Holding the breath is a response to fear, confrontation, a traumatic event, or being startled. It occurs in the freeze response; that last ditch tactic for staying alive when fight or flight has failed us. So why would we hold our breath when reading our email? Is it that we fear what’s there? Do we feel threatened? Do we believe we can’t fight it or run away?
In this article Linda Stone talks about this breathing malady she calls email apnea. It’s a good read. I recommend it. But I wouldn’t stop there.
Just as email may stop the breath, so too can any other perceived threat, especially if the nervous system is holding onto energy mobilized by earlier real or perceived threats. These can be as varied as an appointment with the dentist, a near miss on the freeway, or the rumor that your company is about to do a workforce reduction. Holding the breath or shallow breathing is a sign that our nervous system needs regulating; it needs to release the fight or flight energy stored in muscle and fascia. So it’s a good thing to notice the breath often. If you find yourself holding your breath or breathing shallowly it is a signal to consciously breath in and out deeply from the belly or heart several times until you sense a shift, a calming sensation in the body.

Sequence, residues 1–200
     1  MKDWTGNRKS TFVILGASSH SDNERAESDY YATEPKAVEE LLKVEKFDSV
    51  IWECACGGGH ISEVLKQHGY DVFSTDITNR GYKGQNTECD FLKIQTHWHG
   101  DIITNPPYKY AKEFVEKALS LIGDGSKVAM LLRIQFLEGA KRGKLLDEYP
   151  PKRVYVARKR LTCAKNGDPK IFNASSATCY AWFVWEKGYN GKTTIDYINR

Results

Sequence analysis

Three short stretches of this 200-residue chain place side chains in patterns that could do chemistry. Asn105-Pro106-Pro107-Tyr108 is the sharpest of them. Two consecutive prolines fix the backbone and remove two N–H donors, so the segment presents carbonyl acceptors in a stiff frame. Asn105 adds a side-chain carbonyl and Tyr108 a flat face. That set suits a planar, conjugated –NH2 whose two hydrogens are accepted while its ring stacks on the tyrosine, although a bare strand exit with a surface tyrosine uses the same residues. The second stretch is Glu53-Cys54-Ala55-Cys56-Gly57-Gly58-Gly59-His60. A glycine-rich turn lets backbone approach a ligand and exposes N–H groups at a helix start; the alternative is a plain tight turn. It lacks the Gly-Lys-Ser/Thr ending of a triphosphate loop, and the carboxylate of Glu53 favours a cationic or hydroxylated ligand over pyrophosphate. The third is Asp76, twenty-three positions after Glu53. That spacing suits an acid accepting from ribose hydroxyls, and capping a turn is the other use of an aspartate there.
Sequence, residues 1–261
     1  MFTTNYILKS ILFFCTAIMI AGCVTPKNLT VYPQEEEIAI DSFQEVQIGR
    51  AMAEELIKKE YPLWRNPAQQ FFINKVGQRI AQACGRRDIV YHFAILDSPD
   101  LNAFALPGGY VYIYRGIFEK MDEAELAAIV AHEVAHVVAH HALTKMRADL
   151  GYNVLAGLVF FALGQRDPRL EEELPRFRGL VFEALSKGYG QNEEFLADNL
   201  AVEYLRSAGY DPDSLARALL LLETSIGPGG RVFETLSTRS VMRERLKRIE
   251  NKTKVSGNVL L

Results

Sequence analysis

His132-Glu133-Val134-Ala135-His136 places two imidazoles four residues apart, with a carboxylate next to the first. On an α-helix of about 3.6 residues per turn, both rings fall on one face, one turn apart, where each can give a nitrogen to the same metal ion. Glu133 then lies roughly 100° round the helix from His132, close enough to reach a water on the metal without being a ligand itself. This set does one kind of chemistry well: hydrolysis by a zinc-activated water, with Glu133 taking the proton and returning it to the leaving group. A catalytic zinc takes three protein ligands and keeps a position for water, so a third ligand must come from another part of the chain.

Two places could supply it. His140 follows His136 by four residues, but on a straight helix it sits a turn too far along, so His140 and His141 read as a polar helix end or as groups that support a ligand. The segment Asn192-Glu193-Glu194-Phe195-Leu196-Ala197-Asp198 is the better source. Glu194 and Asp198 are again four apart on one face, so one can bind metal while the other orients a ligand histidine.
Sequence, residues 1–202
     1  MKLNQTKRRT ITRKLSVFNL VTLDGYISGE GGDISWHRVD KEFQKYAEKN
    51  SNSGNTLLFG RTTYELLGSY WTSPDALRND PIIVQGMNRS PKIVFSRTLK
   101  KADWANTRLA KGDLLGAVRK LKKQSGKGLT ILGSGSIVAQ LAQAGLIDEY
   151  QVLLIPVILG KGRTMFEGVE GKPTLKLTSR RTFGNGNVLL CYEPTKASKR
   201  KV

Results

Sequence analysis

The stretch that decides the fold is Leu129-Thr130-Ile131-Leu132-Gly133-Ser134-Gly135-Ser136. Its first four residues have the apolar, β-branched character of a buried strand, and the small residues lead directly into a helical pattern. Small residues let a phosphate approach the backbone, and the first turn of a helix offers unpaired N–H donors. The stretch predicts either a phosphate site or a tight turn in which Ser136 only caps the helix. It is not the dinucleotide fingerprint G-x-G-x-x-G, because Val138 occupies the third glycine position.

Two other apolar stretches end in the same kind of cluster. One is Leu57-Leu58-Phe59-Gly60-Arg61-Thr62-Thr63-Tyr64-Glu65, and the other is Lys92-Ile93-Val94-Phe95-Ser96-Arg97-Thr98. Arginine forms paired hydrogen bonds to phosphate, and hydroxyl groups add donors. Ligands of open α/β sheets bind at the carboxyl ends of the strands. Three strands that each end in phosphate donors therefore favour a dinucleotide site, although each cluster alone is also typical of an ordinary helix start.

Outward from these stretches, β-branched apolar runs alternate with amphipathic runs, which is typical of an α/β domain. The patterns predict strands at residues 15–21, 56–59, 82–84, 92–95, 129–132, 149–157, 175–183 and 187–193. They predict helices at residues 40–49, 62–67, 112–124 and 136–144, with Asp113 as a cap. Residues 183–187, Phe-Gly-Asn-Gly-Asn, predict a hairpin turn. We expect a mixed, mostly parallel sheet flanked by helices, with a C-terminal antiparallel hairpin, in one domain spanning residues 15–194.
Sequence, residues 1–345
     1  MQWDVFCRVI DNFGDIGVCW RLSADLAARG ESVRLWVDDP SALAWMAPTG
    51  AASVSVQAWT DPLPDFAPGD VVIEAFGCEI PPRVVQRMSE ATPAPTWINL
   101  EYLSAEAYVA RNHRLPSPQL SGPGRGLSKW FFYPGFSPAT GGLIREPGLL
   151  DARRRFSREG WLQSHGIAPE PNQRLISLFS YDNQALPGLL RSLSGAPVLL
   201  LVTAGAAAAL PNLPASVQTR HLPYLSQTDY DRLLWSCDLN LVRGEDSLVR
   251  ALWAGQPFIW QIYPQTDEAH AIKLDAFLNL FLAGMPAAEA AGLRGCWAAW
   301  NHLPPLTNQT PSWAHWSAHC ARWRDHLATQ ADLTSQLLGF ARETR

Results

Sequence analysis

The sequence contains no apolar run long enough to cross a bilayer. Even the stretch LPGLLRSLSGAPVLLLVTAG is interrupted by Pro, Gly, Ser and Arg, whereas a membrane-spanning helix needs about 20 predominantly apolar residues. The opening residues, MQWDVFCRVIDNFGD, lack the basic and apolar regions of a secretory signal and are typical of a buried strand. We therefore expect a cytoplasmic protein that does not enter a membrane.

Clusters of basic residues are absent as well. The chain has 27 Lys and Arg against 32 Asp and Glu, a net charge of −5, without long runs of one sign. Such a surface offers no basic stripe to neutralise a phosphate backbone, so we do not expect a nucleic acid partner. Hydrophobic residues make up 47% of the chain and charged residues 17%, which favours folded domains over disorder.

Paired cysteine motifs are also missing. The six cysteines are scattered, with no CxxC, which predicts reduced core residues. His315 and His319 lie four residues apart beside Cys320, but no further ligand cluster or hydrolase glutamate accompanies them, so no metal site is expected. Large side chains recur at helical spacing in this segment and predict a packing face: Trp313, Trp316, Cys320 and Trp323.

As the ancient yogis knew perfect breath is perfect health.